Keep It Up
Ultrarunning ambassador Dean Karnazes shares his secrets for going, going, going
For exclusive access to all of our fitness, gear, adventure, and travel stories, plus discounts on trips, events, and gear, sign up for Outside+ today.
1. Stay Connected: I let my family and friends track my position with the Bones in Motion software [from $6 a month; bimactive.com]. It syncs with my GPS-enabled cell phone and posts my real-time position, mileage, pace, and elevation gain on the Internet. They sometimes show up in the middle of nowhere to join me.
2. Double Your Light: I carry two lights when I’m night running, especially outside the city. I wear a Petzl Tikka XP headlamp [$50; petzl.com] and carry a Princeton Tec Impact XL flashlight [$38; princetontec.com]. That way I can move my head around and still light my path with my handheld. I’ve found Energizer’s e2 lithiums burn brighter and operate better in extreme temperatures.
3. Eat What Works: On longer runs, I follow a see-food diet. (I see food and I eat it.) Calorie-dense foods like granola, trail mix, and nuts are a mainstay. My all-time favorite concoction is an almond-butter-banana sandwich on whole-grain bread, with ample honey inside and soy sauce drizzled on the outside for sodium.
4. Mix Well: I run twice a day. I’ve found that revving up my metabolism that often seems to provide greater aerobic benefit and faster post-workout recovery, so my body adapts to the load more quickly. I also do Bikram yoga, mountain biking, surfing, and resistance training. Variety prevents injuries.
5. Heal Naturally: I like to recover as naturally as possible. I don’t use ibuprofen or Tylenol, because I worry that it exacerbates injuries. A 30x-potency extract of Arnica montana flower is a good homeopathic treatment for muscle soreness. It’s very mellow. I take three tablets, three times a day.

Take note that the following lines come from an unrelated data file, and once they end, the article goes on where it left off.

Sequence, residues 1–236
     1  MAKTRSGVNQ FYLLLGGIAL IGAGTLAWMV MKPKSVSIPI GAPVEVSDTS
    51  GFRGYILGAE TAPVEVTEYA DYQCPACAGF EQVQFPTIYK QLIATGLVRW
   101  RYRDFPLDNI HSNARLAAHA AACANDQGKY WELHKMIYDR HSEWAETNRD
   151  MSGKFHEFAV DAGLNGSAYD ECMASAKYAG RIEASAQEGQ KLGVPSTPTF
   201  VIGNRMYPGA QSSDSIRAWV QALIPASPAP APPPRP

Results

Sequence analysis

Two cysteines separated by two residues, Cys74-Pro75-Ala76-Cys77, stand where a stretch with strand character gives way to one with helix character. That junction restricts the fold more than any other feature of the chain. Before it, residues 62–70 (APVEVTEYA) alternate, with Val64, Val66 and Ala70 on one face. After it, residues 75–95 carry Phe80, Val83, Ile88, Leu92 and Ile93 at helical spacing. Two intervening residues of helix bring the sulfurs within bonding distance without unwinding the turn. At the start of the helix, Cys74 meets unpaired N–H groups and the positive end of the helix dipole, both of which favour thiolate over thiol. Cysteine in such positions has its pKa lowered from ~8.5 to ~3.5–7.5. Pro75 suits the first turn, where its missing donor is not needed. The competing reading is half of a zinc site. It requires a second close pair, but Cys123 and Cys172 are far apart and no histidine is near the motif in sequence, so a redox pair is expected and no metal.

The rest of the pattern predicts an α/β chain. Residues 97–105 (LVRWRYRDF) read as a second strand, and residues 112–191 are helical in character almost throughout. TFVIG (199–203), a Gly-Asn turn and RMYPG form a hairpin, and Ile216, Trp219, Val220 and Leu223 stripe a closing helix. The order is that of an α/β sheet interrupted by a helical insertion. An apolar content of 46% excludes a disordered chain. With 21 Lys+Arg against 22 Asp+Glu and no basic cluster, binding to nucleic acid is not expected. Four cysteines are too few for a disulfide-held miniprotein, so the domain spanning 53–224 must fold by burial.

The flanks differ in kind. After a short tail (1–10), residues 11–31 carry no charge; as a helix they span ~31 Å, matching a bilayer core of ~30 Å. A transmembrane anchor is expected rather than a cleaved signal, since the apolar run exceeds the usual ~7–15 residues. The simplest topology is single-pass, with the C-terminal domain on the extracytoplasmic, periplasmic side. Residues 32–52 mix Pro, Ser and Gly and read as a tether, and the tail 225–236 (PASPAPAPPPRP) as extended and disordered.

An Ounce of Prevention
Levi Leipheimer, America's top cyclist, explains how to make sure your bike never slows you down
1. Never Let Your Tread Wear Out: Replace your tires frequently. With fresher rubber, you’ll have fewer flats and also a better-handling bike.
2. Regularly Inspect Your Tires: Sometimes you’ll come back from a ride with small bits of glass or debris embedded in the outer casing. If you habitually clean this stuff off, it won’t have a chance to work through the tire.
3. Same Goes for Your Chain: Keep it clean and lubed and your bike will shift, and look, better. I use T-9 bike lube [4 oz, $8; boeshield.com] for dry weather and Tri-Flow Superior [2 oz, $5; triflowlubricants.com] in wet conditions. And if you replace your chain before it gets too worn out, you’ll save the expense of having to fix or replace pricier items like cassettes and chainrings, which suffer increased wear and tear from old chains.
4. Buy a Torque Wrench: I have one from Syntace [from $166; syntace.com] that’s very cool. Modern bike components are made of expensive materials like carbon and titanium and highly engineered to save weight. But that also means they can be damaged by overtightening. Manufacturers test their products and provide torque recommendations. Make sure you follow them.
5. Find a Good Local Bike Shop and Mechanic, and Be Loyal: The more familiar they become with your bike and your riding style, the more able they’ll be to keep everything working to your liking.
Acclaimed French photographer Frédéric Lagrange distills wisdom gleaned while roving the world
1. Follow Your Heart: The more you give in to passion, the more it gives back. Go to places with rich histories, places to which you feel intrinsically tied. It’s important to feel strongly for a place, to understand the history and its effect on people. I’m fascinated with Asia. My whole soul is just attracted to it. I spend six to eight months a year traveling and I always make the East a priority.